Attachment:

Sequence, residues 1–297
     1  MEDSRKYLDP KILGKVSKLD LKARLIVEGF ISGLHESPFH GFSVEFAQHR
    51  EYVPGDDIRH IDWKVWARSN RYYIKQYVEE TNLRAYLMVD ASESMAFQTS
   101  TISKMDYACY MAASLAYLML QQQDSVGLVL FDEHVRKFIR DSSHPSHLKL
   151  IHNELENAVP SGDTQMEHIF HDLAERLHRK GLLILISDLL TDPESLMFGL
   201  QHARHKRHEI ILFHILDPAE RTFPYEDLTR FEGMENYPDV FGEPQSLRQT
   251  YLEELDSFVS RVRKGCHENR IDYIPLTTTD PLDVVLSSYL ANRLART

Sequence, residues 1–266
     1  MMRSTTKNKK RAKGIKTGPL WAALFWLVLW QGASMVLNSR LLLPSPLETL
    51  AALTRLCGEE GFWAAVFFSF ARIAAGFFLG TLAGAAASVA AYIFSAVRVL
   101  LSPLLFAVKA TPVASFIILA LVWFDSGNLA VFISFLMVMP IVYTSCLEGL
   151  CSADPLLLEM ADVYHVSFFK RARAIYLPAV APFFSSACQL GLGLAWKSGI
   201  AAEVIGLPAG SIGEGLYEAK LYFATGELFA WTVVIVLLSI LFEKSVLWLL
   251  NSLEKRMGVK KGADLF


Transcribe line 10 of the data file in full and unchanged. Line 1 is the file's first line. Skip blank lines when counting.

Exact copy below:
    51  AALTRLCGEE GFWAAVFFSF ARIAAGFFLG TLAGAAASVA AYIFSAVRVL